Postgraduate Medical Institute, Anglia Ruskin University, Chelmsford, UK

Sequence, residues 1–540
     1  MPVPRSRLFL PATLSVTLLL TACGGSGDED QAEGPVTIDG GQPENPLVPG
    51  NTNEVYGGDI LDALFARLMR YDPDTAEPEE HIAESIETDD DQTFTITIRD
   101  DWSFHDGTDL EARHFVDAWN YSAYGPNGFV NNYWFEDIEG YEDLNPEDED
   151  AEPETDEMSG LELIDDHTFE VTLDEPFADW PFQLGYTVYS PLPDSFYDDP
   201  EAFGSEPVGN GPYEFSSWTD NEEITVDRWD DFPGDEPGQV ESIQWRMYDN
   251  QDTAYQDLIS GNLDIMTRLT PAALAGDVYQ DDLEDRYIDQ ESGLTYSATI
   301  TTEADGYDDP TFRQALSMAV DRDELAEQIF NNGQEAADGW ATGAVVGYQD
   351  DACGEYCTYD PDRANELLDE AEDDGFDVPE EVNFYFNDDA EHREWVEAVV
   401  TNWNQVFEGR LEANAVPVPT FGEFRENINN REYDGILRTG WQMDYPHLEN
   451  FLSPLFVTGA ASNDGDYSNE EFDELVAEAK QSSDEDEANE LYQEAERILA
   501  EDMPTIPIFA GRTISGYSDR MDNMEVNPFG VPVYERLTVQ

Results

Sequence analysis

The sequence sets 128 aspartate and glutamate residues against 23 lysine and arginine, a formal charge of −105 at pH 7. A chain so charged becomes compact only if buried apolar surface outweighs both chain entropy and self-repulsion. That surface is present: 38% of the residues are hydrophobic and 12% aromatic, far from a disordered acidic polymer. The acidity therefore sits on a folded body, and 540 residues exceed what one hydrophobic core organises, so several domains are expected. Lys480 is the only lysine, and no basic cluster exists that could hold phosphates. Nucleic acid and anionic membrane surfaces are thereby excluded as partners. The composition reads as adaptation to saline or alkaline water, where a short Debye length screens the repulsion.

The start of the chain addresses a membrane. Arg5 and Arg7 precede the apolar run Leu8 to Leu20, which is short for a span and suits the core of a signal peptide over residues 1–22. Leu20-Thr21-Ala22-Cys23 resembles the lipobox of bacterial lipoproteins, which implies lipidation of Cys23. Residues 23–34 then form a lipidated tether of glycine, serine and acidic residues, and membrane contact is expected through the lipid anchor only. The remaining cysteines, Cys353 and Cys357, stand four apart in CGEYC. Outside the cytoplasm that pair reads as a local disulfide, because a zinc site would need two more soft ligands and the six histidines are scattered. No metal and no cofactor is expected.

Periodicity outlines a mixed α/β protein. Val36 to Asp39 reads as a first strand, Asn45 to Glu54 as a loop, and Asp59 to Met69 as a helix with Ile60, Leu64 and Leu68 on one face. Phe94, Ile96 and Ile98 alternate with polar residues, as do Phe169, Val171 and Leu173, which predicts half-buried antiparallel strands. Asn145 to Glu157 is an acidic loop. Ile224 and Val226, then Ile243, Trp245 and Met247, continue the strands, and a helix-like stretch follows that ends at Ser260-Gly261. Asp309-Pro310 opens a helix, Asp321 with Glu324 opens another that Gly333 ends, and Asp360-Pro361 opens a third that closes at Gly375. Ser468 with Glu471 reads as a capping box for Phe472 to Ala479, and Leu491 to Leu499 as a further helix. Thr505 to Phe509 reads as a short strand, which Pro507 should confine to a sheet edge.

Approximately four years that have passed since the publication of the MIQE guidelines, allowing an objective assessment of their impact on qPCR-based research. The picture is rather mixed: on the plus-side, the MIQE paper itself is seeing significantly increased month-on-month citation rates and there has been and continues to be widespread publicity around MIQE, with numerous web seminars, workshops and information leaflets spreading the message of transparency and standardisation. In addition, the keen engagement by many instrument and reagent manufacturers, led by BioRad and Agilent, has been a very positive development, resulting in a very high level of expertise amongst their field application specialists. How well researchers implement the MIQE guidelines is another issue, and here the picture is far less positive. Not all manufacturers take the guidelines seriously and many researchers, especially at the principal investigation level, are perfectly content to continue publishing data of questionable biological relevance. Most frustratingly, the editors of most high impact factor journals have not seen the need to encourage the use of the guidelines by their contributors, the BMC group of journals being the honourable exception. Ultimately, the technical standard of scientific publications will not increase until there is some incentive to follow guidelines and, although areas of qPCR-based research continue to spread, improved reagents are launched and analysis methods are becoming increasingly sophisticated, the quality of the research output remains suspect.
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